Back in December, I wondered in my diary if I should just go ahead and do a real zine, and work my way up to a book:
Maybe next time. Or maybe the country will collapse and this tweet will come true:
There’s something really special about zines. “Zines Had It Right All Along.” “The Internet Didn’t Kill Zines.” Even though “The Blissfully Slow World of Newsletters” can feel close to the spirit of zine culture, nothing digital seems to fully replace them. “A blog is not a zine.”
Whenever I do a workshop with students, zines are the perfect thing to make together: We make a bunch of blackout poems, each choose our favorites, and then we sequence them, everybody getting their own page. Then we run them on the photocopier, fold ’em, staple ’em, and everybody gets to take one home:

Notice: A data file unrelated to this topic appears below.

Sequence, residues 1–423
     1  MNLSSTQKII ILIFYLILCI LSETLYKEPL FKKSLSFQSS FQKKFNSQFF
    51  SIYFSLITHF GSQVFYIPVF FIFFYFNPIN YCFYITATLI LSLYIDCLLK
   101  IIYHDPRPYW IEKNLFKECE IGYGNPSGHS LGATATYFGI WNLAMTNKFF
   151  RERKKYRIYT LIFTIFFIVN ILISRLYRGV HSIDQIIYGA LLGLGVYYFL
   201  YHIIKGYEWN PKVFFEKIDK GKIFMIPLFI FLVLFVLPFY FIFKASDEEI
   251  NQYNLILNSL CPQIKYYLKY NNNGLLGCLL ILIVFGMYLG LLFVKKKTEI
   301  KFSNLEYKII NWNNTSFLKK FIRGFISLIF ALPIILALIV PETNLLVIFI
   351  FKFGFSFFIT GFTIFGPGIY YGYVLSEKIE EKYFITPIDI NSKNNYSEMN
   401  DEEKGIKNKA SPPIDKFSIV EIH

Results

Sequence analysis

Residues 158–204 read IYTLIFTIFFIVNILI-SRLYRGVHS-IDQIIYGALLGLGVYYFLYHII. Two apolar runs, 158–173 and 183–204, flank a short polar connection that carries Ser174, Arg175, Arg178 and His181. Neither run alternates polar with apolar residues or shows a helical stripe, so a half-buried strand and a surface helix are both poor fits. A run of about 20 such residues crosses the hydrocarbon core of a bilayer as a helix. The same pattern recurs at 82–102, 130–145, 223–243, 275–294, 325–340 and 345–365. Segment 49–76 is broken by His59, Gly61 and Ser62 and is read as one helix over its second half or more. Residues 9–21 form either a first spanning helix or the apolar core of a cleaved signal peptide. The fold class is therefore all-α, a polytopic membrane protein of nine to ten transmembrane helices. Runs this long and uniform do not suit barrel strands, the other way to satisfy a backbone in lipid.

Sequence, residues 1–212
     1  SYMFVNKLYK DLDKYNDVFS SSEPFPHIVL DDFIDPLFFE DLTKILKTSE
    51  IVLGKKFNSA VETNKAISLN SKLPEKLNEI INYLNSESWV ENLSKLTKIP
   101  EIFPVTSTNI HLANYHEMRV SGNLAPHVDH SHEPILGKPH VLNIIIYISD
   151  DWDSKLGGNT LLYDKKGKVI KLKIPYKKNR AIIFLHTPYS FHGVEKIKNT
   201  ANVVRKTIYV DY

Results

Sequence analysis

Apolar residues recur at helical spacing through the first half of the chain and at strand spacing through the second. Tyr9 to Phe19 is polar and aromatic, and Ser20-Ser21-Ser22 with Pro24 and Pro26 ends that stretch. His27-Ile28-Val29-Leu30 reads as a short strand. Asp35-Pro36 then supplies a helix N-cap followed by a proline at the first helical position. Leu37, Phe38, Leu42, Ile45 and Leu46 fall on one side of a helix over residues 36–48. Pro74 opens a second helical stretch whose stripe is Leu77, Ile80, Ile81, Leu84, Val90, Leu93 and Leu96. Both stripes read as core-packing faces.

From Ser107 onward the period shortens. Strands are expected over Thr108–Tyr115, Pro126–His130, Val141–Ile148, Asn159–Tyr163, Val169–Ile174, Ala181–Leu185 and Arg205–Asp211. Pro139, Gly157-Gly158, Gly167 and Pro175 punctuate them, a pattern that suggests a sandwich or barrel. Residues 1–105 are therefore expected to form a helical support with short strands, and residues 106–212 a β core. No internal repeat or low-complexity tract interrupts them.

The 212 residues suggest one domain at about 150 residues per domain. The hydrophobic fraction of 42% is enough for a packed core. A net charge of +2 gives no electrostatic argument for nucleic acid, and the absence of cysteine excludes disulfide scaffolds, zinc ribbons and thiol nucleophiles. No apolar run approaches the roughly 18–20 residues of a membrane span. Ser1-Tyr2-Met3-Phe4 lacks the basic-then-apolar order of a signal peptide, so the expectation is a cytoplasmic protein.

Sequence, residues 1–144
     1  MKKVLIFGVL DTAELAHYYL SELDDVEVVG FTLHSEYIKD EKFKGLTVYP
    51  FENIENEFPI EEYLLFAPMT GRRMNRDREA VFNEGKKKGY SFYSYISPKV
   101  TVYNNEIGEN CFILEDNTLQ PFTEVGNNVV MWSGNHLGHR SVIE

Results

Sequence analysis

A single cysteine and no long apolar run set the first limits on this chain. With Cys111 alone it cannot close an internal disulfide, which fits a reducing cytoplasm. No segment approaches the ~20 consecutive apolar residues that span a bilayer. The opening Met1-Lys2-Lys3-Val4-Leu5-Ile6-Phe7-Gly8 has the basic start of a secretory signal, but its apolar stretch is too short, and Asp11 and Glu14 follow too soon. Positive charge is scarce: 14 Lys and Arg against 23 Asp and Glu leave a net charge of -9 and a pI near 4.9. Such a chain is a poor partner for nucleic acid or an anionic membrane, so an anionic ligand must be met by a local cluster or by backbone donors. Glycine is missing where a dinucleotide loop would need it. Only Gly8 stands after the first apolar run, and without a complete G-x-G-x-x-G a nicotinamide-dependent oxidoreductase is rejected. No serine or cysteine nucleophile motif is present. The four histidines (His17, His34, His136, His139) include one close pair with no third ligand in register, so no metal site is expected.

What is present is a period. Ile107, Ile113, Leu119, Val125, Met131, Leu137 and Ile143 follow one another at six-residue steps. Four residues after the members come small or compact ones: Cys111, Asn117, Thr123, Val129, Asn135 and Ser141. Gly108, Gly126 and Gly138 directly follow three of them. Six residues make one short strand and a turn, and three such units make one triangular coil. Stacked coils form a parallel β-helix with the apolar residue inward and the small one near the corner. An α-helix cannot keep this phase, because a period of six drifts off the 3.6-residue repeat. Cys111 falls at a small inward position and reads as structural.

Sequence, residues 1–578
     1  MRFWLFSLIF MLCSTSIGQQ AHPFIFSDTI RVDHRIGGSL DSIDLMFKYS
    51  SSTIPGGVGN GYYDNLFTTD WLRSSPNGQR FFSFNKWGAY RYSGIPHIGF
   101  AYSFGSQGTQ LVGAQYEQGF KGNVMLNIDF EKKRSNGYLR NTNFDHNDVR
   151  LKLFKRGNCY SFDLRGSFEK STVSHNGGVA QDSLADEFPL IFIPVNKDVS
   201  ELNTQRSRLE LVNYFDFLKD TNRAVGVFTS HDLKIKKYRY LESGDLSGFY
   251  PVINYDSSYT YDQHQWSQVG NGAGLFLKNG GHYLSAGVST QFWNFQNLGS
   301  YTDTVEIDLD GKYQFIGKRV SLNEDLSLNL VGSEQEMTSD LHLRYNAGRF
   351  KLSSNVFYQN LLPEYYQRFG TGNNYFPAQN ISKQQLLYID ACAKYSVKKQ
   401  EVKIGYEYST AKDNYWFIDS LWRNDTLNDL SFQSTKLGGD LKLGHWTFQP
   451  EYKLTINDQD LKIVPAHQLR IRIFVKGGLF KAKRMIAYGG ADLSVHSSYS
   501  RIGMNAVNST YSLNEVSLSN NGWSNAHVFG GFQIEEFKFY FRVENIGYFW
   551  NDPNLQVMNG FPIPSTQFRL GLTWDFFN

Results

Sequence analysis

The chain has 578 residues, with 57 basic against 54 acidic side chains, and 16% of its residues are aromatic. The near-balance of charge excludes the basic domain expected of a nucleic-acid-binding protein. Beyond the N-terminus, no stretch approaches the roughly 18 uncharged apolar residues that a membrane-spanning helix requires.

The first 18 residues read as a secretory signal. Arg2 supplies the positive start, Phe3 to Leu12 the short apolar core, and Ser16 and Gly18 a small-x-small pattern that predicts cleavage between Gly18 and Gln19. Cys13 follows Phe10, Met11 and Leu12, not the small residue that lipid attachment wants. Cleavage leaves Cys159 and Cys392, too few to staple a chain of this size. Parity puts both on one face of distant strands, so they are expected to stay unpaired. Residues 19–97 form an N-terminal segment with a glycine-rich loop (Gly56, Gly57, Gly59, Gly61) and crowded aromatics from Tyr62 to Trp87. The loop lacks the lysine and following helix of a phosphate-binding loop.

If you want to learn more about zines, check out this book and hit up your public library — several libraries actually have zine collections now! The new Austin Public Library has a whole section next to the comics:
So many artists are secretive about their process of making art. As if the magician revealed his tricks the magic would be lost.
Thanks to my wife, I’ve recently become inspired by the crafting community (see my posts on D.I.Y. and Maker Faire.) These folks not only peddle their art, they show you how they made it, and invite you to make along with them.
I’m working on a “how-to” section for my book so that people can try our their own poems. I’ve been pillaging my own favorite how-to books for inspiration. Books that don’t just show you how to make art, they’re works of art in themselves. These books have a spirit of generosity and inclusiveness. They believe that anyone can make art. They invite you to play and make along. Here are four of my favorites: